Most of us were taught from Kindergarten onward to take good care of our bodies: eat healthily, exercise, sleep eight hours. And we were encouraged to cultivate the mind: read books, study hard, explore nature and the arts. But these two wise paths did not necessarily intersect.

Keeping mind and body separate was likely reinforced by the church. Faith was thought of as an intellectual exercise. Learn about Jesus, accept that truth and practice those moral teachings. The earliest Christian theologians adopted the Greek notions of science and philosophy which presumed that the body was separate from the mind.

But science has advanced over the centuries. The discoveries of quantum physics ended the separation of mind and matter. In her book Making All Things New the theologian and scientist Ilia Delio applies the latest scientific research to our faith in God. She advances a view of Christianity that is based on integrating our mind/body instead of picturing them as separate. She looks at brain science, evolution and the Big Bang to help us see a coherent wholeness to all of life. She suggests that our minds and bodies are in an ongoing dialogue with each other, the natural world and the spiritual realm are not separate silos.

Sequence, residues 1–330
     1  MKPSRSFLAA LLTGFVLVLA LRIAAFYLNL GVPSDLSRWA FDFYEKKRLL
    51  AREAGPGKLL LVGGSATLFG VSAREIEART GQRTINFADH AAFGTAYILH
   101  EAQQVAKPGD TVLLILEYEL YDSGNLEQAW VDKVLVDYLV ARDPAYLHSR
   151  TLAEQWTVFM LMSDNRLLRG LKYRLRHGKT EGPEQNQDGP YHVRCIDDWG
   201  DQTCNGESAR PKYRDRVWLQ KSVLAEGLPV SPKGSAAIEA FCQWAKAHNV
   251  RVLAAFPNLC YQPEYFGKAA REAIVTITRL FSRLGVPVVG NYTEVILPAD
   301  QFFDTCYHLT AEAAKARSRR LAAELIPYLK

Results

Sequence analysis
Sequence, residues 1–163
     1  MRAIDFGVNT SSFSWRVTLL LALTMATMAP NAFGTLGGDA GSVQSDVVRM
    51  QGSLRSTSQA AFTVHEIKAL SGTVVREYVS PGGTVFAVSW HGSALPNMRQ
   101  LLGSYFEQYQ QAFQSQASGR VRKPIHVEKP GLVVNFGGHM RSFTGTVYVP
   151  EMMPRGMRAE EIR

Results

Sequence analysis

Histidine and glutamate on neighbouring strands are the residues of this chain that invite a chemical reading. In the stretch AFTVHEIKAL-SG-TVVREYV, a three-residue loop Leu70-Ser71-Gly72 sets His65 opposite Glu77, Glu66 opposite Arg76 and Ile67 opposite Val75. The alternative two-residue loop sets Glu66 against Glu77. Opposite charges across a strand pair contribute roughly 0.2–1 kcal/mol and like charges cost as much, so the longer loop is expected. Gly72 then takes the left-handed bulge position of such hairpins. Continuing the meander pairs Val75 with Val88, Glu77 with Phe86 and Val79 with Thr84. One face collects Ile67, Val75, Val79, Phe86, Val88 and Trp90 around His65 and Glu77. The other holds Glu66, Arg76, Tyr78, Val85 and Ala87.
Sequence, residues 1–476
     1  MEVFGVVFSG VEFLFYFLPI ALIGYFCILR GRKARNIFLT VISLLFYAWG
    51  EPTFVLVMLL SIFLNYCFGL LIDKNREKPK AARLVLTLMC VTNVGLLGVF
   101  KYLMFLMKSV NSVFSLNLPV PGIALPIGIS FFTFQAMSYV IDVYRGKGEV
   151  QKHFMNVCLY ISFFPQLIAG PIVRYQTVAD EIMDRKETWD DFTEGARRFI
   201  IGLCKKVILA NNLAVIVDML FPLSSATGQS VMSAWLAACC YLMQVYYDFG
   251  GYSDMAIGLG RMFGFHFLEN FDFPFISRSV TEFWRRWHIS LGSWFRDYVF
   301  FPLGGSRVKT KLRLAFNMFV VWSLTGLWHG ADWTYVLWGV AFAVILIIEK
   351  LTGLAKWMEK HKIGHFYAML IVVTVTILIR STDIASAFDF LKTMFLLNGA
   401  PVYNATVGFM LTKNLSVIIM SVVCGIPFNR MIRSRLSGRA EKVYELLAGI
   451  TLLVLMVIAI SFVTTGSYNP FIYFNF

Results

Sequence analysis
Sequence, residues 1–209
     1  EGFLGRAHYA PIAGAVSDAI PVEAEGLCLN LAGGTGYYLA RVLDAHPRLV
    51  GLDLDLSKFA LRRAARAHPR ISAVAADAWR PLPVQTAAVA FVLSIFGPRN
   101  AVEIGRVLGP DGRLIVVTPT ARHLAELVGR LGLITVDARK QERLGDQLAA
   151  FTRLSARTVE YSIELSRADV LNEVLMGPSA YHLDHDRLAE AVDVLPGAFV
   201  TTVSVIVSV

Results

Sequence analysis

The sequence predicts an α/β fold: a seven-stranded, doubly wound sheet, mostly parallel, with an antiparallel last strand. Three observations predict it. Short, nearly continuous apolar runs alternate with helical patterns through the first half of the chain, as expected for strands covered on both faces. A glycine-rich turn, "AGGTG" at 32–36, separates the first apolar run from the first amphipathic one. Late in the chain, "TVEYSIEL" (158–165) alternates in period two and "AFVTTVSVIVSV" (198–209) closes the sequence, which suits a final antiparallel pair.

“Relationship is the basis of all that is. Our world comes about through a mutually creative dialogue between mind and body, between the individual and the individual’s personal and material context, and between human culture and the natural world.”

Delio’s thoughts prompt me to wonder about how we might better practice this wholeness. Why do we have a tendency to take care of our physical health but neglect our emotional health? We would never consider not going to a doctor to heal a broken arm but we often stubbornly resist tending to our broken hearts by refusing to reach out to a counselor for the tools to heal the soul. Similarly, we sometimes focus on our exercise regime: body mass index, running times, LDL and HDL levels, but we neglect our spiritual disciplines of community service, corporate worship and meditation.

The psalmist sang in the Bible, “the earth is the Lord’s and the fullness thereof.” It seems to me that science can open us up to see the world and the creative energy of God in our midst with new eyes and deepen our engagement with the world in all its fullness and splendor.

Grace and Peace,